Sing Me a Story

Memory Monday

My Paul’s and my childhoods could probably not be more different from each other. I guess my parents’ childhoods probably had some distinct differences, too, but all the same, in comparison to Paul’s and mine, theirs are almost identical. One similarity is the emphasis on hymns. Grandma G wasn’t the only one who sang hymns while doing housework–or maybe she was, but the rest of us sing hymns at other times. Anyway, the point is, hymns. Lots of them.

I have trouble imagining the American youth I work with going for quite this approach . . .

I have trouble imagining the American youth I work with going for quite this approach . . . but it’s a good one.

One Sunday after church, RevCD said, “I saw you singing that whole hymn by memory!” Thing is, I kind of do that a lot, and don’t even think about it. Doesn’t everybody do that? Grandma and Grandpa G used to have us sing hymns and choruses after dinner. We have stories about hymns in my family, like my Pennsylvania Dutch Grandpa M’s family singing “O Worship the Lord in the Beauty of Holiness” while working on their dairy farm or something like that. Grandma M, meantime, would tell us the stories behind hymns, and quote them at length in her Christmas cards.

There’s the well-known story of how “Amazing Grace” got written by the ex-slave trader John Newton. There’s the only slightly less-well-known story of Horatio G. Spafford’s family dying at sea, after which horrific losses, he wrote “It Is Well With My Soul.” Then there’s the completely obscure hymn, “‘Twas in the Moon of Wintertime,” which I happen to know was written by a French Catholic priest as he tried to introduce some Native Americans to Jesus and the Christmas story.

A Moonlit Winter Landscape, by Remigius van Haanen (1812-1894)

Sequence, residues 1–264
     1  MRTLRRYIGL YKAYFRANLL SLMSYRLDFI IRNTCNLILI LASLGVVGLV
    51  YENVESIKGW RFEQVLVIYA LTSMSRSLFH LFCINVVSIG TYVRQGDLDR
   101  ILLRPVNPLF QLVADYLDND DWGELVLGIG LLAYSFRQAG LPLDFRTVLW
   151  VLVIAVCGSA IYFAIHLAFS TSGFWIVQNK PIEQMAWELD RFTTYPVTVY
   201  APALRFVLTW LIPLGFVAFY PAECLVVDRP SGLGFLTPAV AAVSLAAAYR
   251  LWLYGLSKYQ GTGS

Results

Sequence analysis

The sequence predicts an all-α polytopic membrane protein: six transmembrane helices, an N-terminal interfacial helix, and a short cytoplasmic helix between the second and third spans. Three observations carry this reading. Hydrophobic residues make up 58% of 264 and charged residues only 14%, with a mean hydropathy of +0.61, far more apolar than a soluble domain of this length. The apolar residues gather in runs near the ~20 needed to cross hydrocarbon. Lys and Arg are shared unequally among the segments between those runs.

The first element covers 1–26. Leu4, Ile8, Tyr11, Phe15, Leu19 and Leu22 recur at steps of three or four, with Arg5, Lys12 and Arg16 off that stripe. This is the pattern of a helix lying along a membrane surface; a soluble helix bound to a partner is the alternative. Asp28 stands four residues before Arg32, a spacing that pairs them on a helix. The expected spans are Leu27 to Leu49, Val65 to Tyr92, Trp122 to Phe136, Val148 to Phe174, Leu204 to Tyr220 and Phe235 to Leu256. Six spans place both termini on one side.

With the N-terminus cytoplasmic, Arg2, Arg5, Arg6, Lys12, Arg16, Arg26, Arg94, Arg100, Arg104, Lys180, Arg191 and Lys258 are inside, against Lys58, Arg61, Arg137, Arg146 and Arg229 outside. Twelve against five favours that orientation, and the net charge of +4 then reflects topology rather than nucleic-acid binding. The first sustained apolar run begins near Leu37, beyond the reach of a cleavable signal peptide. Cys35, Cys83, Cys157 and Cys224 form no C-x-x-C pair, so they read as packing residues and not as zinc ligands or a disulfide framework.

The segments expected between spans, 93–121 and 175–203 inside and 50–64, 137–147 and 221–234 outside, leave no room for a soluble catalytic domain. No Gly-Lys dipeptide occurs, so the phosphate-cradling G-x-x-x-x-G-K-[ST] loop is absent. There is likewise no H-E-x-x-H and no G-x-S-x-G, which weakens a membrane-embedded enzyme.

A Moonlit Winter Landscape, by Remigius van Haanen (1812-1894)

The thing about hymns is, half the time they’re stories themselves, and they were written by people with stories, and they reflect the story of God in those peoples’ lives so that people like my grandparents . . . my parents . . . me . . . you, too, if you wanted . . . draw closer to the God whose truth we sing, and to the people who followed Him before us.

Even on old messed up keys, the Master can play some sweet tunes.

Even on old messed up keys, the Master can play some sweet tunes.

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12 thoughts on “Sing Me a Story

  1. So I’ve grown up singing hymns. Dutch ones, mind you. Mrs Missouri and I were looking for a church, and we found one. Our second week as guests, they announce a hymn sing social that night. I went, and I absolutely love it (when I got home, MM told me: you’re almost glowing!). As my parents lived in Michigan for a year, tagging one year old me along, I grew up with some English hymn cassettes and a big, grey hymn book. To my surprise, I recognize at least half the hymns that are sung (three nights so far), reliving a very mixed childhood; because I sing Dutch hymns by heart, but some English ones revoke latent memories. Also, I am gathering quite a group of lovely friends I wouldn’t have met otherwise. Let’s just say I bring the average wisdom-through-life-experience down by about half :). ‘It is well with my soul’ is one of those latent ones that now is a youtube favorite of mine. I especially love this version, where I also learned about the story: it gives the song so much more weight: https://www.youtube.com/watch?v=T8_EfDqF7YI.

  2. Jenn, some of our prayers out here are stories -many of them praising the deities and their respective prowess. While I never really was fond of them, I was hooked to a story my mother would tell sometimes at night just before we went to sleep, and she would sing in between -mostly they were the saddest parts. The experience remains unforgettable.

    • It sounds unforgettable. And yes–I think prayers and stories have a commonality, too. It could be said of the biblical Psalms, for example. People with my specific religious DNA are into “extemporaneous prayers,” but I think the more a prayer offers a personal story to God, the “realer” and more effective it is, whether it was previously written or composed on the spot.

  3. I love hymns. I also grew up singing them. My favorite thing about hymns is that the DO tell story’s. Story’s we can all relate to if we take the time to listen. And through those story’s we find our way closer to God.

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